The Materials Genome Initiative (MGI) has heralded a sea change in the philosophy of materials design. In an increasing number of applications, the successful deployment of novel materials has benefited from the use of computational methodologies, data descriptors, and machine learning. Polymers have long suffered from a lack of data on electronic, mechanical, and dielectric properties across large chemical spaces, causing a stagnation in the set of suitable candidates for various applications. Extensive efforts over the last few years have seen the fruitful application of MGI principles toward the accelerated discovery of attractive polymer dielectrics for capacitive energy storage. Here, we review these efforts, highlighting the importance of computational data generation and screening, targeted synthesis and characterization, polymer fingerprinting and machine-learning prediction models, and the creation of an online knowledgebase to guide ongoing and future polymer discovery and design. We lay special emphasis on the fingerprinting of polymers in terms of their genome or constituent atomic and molecular fragments, an idea that pays homage to the pioneers of the human genome project who identified the basic building blocks of the human DNA. By scoping the polymer genome, we present an essential roadmap for the design of polymer dielectrics, and provide future perspectives and directions for expansions to other polymer subclasses and properties.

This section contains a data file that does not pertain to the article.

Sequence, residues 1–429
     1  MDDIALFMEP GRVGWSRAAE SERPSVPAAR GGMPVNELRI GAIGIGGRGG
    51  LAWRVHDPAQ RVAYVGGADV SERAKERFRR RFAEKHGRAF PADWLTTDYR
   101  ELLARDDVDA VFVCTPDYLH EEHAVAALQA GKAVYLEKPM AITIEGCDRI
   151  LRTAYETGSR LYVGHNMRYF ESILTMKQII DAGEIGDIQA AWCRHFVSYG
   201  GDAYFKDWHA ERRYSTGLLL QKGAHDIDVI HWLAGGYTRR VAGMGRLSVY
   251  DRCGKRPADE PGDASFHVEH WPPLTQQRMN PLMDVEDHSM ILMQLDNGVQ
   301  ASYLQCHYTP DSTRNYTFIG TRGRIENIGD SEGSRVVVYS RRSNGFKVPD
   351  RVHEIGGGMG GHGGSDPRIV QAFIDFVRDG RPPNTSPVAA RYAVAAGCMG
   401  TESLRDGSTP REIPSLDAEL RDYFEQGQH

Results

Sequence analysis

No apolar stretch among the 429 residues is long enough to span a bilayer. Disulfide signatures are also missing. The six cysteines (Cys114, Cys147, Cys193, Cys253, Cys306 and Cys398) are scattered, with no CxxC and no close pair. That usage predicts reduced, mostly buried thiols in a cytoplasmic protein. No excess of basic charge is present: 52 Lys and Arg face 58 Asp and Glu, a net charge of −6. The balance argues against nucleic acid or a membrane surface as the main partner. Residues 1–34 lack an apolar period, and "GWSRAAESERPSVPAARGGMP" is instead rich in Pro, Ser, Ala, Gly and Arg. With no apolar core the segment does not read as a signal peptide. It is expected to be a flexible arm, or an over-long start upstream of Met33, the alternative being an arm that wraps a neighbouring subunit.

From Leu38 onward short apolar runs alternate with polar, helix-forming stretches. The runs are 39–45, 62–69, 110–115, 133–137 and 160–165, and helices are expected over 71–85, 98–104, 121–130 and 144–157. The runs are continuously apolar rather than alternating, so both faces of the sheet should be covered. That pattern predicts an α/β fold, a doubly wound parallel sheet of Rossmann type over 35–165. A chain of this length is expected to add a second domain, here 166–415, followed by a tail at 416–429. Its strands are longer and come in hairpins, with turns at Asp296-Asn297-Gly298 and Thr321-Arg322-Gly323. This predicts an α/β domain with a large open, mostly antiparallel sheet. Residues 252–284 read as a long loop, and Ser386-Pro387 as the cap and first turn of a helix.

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DOI: 10.1016/j.mattod.2017.11.021